it wasn't until i completely divorced myself from the situation and sat back and looked at it objectively that i started thinking he was getting a very raw deal. okay, he and forry had a falling out. okay, he lost his court battle to forry for the use of Dr. Acula and other things. but damn, no one is perfect and everyone, without exception, errors one time or another.

i will say that the ray ferry i know today is not the one i thought i knew when i didnt know him.
Odds [24-07-2008 13:54] 
Matt, thanks for the FM status report and clarifications, though I'm still in a conundrum about what exactly to think of Ray Ferry. It's a natural reaction for any horror fan to reflexively come to the defense of FJA, since after all he (and Dr. Paul Bearer) largely made me the horror fan I am today. I don't know all the details, but I do know first-hand what the lawsuit did to Forry in terms of his income and health. Honestly, I didn't at all like the fact that Ferry made you practically take down your site for posting old FM covers! I've never heard of anything like that, though I am no expert in law regarding magazines and periodicals. I'd like to think that old FM issues are for the fans and reproductions of covers should be available to all for research and historical purposes. Seems like Ferry's head is back in the game. Wish there were more classic monster mags - I love Scary Monsters.
Paul [24-07-2008 09:24] 
I noticed the similarity in the scenes too. I like to think it was a homage. Burton's Batman at the time was as acclaimed as this new one.
Terence [24-07-2008 08:50] 
Nolan: I have never liked that yellow bat symbol. it was i believe created in the 60s as sort of pop art look by carmine infantino. never cared for it. always made no sense that he would basically wear a reflector especially when he primarily acted at night.
Terence [24-07-2008 08:48] 
is it just me but did anyone notice that the scene were the Joker urges batman whose on the motorcycle to hit him and kill him causing batman to veer off and crash is almost exactly like the scene in the 89 Batman where the joker urges batman who is in the batplane to shoot him and batman misses on purpose and then crashes after the joker shoots it down? to me they are exact. i wonder if that was an homage or a rip off.
Terence [24-07-2008 08:46] 
I agree Paul. its obvious that Nicholson's Joker and Burton's movie in general Bob Kane 30's/40's batman while Nolan's movies and Ledgers Joker are the Frank Miller year one Batman of the 80's. so its cool that in a way we have both incarnations to enjoy.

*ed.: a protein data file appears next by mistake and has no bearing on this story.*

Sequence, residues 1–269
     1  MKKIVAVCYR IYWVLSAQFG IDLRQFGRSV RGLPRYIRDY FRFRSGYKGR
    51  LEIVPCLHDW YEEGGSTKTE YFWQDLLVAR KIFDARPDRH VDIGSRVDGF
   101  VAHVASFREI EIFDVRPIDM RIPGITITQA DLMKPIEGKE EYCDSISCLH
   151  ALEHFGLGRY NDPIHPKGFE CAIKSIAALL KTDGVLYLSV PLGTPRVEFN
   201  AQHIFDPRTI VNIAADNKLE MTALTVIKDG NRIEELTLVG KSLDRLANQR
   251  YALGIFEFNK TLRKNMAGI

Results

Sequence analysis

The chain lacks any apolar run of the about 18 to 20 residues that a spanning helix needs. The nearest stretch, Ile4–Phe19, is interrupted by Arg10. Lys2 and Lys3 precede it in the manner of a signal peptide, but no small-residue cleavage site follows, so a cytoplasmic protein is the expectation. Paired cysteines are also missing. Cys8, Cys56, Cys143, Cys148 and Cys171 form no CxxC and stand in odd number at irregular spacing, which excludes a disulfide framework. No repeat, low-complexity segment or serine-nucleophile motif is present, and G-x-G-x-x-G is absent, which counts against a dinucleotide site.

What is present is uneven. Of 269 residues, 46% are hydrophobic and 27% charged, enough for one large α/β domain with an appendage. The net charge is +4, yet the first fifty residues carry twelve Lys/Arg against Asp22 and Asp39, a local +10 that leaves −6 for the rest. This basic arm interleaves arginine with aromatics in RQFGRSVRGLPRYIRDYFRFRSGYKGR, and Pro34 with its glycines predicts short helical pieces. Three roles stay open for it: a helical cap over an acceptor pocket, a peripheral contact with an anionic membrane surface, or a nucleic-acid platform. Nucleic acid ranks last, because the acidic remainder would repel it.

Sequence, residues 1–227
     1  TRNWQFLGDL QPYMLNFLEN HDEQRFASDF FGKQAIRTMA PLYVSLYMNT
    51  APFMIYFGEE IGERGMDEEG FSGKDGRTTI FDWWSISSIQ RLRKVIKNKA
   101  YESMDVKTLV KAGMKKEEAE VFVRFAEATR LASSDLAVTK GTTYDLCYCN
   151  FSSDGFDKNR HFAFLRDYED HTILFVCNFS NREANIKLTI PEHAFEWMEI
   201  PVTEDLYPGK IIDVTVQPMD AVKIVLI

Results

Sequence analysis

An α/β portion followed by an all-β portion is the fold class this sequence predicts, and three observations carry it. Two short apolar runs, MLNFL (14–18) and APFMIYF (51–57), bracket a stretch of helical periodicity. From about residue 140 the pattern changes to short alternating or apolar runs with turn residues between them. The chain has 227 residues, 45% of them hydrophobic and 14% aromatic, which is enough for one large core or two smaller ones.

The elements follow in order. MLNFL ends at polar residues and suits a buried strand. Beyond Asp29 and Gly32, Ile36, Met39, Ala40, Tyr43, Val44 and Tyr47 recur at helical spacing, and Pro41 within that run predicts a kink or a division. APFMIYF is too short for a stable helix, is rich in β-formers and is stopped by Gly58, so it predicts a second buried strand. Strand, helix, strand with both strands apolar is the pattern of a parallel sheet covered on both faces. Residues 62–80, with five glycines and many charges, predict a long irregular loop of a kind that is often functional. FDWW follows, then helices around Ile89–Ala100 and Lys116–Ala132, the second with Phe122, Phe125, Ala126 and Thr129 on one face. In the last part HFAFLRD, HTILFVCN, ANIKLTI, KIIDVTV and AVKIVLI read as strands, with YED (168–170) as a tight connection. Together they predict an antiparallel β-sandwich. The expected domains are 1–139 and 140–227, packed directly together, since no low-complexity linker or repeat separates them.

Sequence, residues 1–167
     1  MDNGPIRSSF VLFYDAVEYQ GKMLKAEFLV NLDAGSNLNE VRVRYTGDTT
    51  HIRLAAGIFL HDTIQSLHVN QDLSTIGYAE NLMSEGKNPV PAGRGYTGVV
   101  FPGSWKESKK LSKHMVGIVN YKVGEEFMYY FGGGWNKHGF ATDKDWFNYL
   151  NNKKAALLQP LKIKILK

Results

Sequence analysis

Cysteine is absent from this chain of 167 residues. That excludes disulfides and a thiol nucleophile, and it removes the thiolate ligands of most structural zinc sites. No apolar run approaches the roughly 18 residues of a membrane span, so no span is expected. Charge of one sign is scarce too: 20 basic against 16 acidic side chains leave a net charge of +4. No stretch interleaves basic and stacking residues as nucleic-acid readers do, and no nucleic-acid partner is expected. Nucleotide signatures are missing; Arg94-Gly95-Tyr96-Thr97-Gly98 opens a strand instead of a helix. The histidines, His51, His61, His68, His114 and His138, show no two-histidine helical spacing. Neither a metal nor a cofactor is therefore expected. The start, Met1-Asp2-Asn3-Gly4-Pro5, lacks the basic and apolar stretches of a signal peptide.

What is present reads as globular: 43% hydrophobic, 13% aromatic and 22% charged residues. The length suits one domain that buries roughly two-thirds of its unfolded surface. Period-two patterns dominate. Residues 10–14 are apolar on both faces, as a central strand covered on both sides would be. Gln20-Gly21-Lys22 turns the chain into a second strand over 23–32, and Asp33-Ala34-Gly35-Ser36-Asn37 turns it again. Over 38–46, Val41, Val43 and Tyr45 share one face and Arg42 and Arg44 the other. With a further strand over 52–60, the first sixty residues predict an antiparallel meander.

Paul Guzzo [24-07-2008 07:14] 
Part of me agrees that Ledger was the best, part of me thinks you can't compare to the two because they were totally different movies and characters.
Steve [24-07-2008 04:54] 
I just saw Batman. My boss at Mighty River Power Co. took us all out to the movies as a way of saying thanks for all the hard work lately.

I've got to say, that was the best Batman movie I've ever seen. It was also the darkest and I'm not just referring to Wally Pfister's cinematography. It was gritty, the way Batman should be. I always said Jack Nicholson was the best Joker ever, but I was wrong. Yes, Jack was great for the style Joker he played, but I prefer the darker and grittier version. The NZ media billed it as completely CG free, but after watching it...I can't see how that could be possible.

I'm no movie reviewer, but if I were...I'd give that 5 stars out of a solid 4!
[31-12-1969 16:00] 
End of Comments    


"Mike's Rant" is ©2008 by Michael A. Smith    "Matt's Rail" is ©2008 by Matthew Drinnenberg    "La Floridiana" is ©2008 by William Moriaty     "This Week's Movie Review" is ©2008 by Michael A. Smith    "FANGRRL" is ©2008 by Lisa Ciurro    "Retrorama" is ©2008 by ED Tucker    "Sports Talk" is ©2008 by Chris Munger    "DRAGOON" is ©2008 by Terence Nuzum and John Miller      All contents of Nolan's Pop Culture Review are ©2008 by Nolan B. Canova